Last fall, Vicki Curry and I - along with correspondent Judy Muller - reported on the new phenomenon of ‘firefighters for hire ’ - for a segment we called “Fire, Inc.” These are private companies - generally staffed by a mix of entrepreneurs and retired fire professionals - that sell fire prevention services to individual homeowners, or work through insurance companies like Chubb. If you watched that segment (and it’ll be re-broadcast this week), you’ll know that their primary service involves spreading a fire retardant gel or foam over a client’s house if it’s determined that that home is vulnerable to an oncoming wildfire. Obviously, these private companies want to get in, do their job and get out of the fire zone before the evacuation order is sounded. I was wondering what role these companies played in the recent wildfire in Santa Barbara County (dubbed the “Jesusita fire”), which burned for six days earlier this month. In a phone call with Jim Wills of Firestorm Wildland Fire Suppression (who was featured in our original story) I was told that they sent seven of their trucks out to 20 of their clients’ homes to give them the foam treatment. Six of those homes, he claims, ended up being in the fire’s path … and he added, because of the foam, they were spared from damage.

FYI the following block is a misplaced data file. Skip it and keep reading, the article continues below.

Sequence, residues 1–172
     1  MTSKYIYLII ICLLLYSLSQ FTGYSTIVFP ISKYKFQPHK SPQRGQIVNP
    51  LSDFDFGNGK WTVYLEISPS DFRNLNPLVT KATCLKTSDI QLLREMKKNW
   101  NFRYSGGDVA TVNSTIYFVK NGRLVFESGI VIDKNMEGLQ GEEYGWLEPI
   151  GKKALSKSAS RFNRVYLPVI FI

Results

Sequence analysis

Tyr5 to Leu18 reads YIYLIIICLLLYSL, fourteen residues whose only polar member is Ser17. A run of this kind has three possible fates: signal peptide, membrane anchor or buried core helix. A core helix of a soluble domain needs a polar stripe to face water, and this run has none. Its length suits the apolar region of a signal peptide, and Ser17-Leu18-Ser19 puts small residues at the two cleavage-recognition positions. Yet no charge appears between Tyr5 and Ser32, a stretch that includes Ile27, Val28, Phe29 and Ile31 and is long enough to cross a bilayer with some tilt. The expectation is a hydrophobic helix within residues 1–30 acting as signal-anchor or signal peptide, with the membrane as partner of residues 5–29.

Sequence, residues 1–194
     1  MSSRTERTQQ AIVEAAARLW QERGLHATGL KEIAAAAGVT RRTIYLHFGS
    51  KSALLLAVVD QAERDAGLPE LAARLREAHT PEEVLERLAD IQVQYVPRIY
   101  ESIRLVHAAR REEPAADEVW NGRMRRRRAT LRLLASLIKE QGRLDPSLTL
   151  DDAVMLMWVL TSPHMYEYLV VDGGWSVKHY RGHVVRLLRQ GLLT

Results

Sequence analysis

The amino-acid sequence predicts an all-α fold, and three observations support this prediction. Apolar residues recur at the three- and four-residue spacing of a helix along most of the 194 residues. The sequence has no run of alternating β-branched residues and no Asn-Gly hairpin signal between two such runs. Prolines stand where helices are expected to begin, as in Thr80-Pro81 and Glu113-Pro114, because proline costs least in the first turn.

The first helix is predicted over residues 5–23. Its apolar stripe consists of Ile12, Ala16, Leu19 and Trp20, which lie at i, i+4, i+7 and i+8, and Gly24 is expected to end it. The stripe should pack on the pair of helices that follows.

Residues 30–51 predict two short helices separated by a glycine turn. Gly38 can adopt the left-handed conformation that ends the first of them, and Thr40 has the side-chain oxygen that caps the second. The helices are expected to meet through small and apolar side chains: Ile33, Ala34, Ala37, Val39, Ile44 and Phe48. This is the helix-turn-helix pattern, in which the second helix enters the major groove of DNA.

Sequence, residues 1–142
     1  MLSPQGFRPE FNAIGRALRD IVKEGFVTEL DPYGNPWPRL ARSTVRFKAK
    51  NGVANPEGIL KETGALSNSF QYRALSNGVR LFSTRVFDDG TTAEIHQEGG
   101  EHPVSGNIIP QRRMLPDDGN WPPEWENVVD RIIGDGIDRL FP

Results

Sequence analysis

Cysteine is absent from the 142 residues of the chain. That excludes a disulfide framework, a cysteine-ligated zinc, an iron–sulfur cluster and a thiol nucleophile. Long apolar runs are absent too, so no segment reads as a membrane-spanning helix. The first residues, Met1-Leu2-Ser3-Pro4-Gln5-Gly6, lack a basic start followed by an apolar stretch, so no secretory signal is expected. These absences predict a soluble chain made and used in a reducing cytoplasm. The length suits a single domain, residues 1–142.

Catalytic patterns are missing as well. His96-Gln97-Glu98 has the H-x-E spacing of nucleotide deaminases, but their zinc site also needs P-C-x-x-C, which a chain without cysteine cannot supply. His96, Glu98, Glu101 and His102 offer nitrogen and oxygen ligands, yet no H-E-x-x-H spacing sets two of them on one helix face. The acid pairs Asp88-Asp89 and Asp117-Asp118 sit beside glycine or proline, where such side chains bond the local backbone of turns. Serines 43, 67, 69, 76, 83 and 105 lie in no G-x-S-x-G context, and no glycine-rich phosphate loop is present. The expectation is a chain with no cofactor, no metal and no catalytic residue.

I was also curious about the reactions of the official, government firefighters to these firefighters-for-hire. In reporting the original story, we’d heard anecdotes about private fire trucks blocking the paths of public fire vehicles … of private fire company workers causing confusion by being in evacuated areas. In the case of the Jesuit fire, Jim Wills says he heard from some of his team that at a few places they were denied access by the firefighting authorities in charge. However, he added, since all of his clients receive his company’s services through their Chubb insurance policy … and since Chubb clients tend to be exclusively high-end, they tend to be a wealthy, politically connected group. So when word got out that Firestorm’s trucks had hit a literal roadblock, phone calls were made, the problem “went away,” and the private fire trucks made it to their destinations.
So far, this is all anecdotal information. When I contacted the Santa Barbara County Fire Dept., they said they heard no reports indicating any particular problems with the private companies.